So the writing was on the wall that this was not going to be an easy game. There are plenty of Tar Heel teams that have stepped on the rakes and given games like this one away. Sure enough, the Hurricanes seemingly couldn’t miss from deep, managed to control the tempo to negate Carolina’s depth advantage, and were one of the teams that managed to out-rebound Carolina, which usually spells doom for this team. It didn’t help that besides White and Maye, the rest of Carolina’s shooters didn’t get their regular points, and the few inside shots they attempted were almost hilariously off.
Carolina managed to get a seven-point lead three times, and each of those times Miami managed to claw back. The last time saw them get a seven-point lead of their own with 7:35 left. Even when Carolina started to chip away, Miami still hit shots to keep the game at two possessions. Carolina would try to double Lykes, but the guard was smart in recognizing the move and would find the open man for points. It just seemed like this was one Carolina was going to let get away.
Instead, Carolina would pull out the comeback. It started with 48 second left, Miami hit a three to put them up by four, and hope really seemed to drain out of the Smith Center. Then Coby White hits a shot just seven seconds later, meaning Carolina could get the two-for-one. That the freshman had that recognition to shoot so quickly and create that situation is a big reason the rest of the game went the way that it did. Coach Roy Williams called a timeout, and Carolina managed to give up only a two instead of a three with plenty of time left. Williams calls another TO to set up the final play, which you already know perfectly set up Maye for the open three. They then managed to cover Lykes well enough to where his winning attempt bounced off the rim.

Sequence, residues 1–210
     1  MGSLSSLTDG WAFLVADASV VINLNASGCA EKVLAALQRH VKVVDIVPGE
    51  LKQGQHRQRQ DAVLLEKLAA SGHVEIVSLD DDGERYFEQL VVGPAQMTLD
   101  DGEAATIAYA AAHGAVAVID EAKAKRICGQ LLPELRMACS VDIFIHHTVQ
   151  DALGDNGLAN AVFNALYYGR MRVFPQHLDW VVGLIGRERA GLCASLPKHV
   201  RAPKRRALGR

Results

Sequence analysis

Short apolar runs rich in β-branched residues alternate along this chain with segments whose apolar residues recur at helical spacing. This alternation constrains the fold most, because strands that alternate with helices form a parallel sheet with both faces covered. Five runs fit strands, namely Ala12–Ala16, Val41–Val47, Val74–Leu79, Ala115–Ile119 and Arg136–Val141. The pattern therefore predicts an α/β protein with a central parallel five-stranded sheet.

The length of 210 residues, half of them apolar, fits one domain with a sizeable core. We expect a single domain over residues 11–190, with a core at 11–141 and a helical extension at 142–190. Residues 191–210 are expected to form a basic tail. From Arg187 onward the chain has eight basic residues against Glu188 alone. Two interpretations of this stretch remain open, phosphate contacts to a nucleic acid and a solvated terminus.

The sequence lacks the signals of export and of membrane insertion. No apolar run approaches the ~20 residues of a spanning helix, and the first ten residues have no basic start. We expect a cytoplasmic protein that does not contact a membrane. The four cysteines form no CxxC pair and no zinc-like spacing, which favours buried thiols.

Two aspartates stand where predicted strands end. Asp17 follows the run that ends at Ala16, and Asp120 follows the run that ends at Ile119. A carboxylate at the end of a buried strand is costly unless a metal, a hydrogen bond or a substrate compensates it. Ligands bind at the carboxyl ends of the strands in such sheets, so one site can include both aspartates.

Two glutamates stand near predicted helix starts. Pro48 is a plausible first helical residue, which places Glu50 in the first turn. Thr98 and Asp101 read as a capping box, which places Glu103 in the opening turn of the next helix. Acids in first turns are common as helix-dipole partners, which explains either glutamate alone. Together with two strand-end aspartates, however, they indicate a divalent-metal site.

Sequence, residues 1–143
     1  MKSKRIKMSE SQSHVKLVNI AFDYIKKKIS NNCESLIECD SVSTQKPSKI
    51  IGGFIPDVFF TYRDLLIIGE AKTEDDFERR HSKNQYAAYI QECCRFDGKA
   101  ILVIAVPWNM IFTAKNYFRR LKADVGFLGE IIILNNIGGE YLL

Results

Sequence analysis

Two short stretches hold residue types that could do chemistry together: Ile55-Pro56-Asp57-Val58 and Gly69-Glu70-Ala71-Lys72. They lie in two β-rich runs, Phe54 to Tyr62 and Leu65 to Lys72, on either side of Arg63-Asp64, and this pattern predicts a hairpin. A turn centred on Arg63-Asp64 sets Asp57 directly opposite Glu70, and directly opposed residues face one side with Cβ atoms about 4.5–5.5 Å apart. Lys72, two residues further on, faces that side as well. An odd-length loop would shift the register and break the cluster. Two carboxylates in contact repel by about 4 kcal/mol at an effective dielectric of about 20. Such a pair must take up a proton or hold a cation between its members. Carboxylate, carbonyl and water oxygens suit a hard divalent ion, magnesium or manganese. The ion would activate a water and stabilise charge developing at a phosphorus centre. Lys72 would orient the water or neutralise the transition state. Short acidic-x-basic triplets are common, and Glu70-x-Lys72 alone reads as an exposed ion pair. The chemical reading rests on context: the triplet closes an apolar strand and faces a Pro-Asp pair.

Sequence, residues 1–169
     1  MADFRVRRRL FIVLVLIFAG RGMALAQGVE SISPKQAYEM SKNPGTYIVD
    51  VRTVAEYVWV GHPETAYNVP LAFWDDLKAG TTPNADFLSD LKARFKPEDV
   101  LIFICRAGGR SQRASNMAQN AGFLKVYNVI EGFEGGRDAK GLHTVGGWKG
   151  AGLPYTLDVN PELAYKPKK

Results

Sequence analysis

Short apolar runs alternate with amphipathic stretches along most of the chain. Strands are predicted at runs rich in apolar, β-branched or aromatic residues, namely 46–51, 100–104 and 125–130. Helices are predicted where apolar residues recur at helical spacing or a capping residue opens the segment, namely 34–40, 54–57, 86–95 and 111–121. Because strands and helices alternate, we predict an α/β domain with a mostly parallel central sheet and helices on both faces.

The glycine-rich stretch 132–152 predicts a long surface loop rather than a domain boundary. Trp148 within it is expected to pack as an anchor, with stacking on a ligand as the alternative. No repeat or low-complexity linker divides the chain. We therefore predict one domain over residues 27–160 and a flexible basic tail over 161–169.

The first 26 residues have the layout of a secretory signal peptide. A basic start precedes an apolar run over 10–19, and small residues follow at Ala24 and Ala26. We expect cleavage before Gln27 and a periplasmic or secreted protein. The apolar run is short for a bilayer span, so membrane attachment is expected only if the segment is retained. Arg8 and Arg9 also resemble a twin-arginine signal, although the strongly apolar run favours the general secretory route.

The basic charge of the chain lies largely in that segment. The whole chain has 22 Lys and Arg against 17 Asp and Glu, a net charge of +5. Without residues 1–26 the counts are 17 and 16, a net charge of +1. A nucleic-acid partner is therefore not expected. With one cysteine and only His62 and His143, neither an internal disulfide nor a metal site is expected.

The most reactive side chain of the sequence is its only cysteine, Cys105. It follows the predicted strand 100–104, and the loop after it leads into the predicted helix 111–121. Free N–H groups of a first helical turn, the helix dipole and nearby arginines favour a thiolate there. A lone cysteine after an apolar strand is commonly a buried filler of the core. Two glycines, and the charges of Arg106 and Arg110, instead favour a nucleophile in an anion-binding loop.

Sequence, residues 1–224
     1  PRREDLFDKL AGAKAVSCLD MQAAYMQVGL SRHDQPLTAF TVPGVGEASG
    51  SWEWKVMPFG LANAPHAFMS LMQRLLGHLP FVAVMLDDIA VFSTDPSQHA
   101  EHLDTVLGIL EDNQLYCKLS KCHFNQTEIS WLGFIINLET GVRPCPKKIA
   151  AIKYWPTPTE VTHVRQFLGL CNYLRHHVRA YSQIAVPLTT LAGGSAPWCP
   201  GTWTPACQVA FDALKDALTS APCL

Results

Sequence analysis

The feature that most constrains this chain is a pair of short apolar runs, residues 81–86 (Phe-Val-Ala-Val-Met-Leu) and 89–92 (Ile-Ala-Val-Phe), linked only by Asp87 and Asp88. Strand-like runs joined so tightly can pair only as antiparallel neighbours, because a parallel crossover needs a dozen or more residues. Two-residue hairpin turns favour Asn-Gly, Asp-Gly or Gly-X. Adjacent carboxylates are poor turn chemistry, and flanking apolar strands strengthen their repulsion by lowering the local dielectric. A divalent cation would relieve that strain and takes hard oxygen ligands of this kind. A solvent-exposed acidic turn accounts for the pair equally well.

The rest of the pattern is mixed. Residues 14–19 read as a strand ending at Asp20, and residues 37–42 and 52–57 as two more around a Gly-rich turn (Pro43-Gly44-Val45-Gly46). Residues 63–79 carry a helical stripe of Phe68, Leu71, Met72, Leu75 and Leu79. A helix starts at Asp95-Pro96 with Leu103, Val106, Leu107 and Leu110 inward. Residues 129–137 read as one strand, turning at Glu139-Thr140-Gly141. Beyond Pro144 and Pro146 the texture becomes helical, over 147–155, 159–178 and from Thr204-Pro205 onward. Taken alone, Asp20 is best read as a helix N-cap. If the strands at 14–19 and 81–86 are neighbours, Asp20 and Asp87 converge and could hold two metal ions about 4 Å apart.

The good end game strategy didn’t stop in the second half. After a sluggish start, Carolina managed to get a two possession lead which forced Miami to put up some prayers which were answered. The problem was that the last one was answered at under 30 seconds, and the Hurricanes failed to recognize that the shot clock was off. It allowed Carolina to get the ball upcourt and get the it into the hands of one of the best free-throw shooters, Cam Johnson. He survived Miami’s icing attempt, and Williams called another timeout to set up the defense.
A lot has been made of “fouling when up three” in recent days, but Carolina demonstrated how you do it when you not only have a foul to give, but you don’t mind sending someone to the line. None other than Ken Pomeroy points out what a lot of teams don’t do:
UNC played that end game the way you should when you have fouls to give. Don’t just give fouls, but aggressively go for steals. Eventually they got one.— Ken Pomeroy (@kenpomeroy) February 9, 2019
Coby White went for an aggressive steal with about nine seconds left, almost succeeding. They forced an inbounds pass that was almost a turnover thanks to good defense by Kenny Williams, and then a second inbounds that was defended aggressively enough to where White was able to produce a steal, ending the game. It was not only a clinic on how to close out a game, but why Williams hoards his timeouts for these situations.
The path to the 2017 national title was paved with the comeback against Arkansas, and Maye’s shot against Kentucky when they completed a massive comeback in the final seconds. You win those games by winning these games. It may not be pretty, but it still leads UNC to the best start in the ACC under Williams, and the lessons learned now will come in handy sooner than later.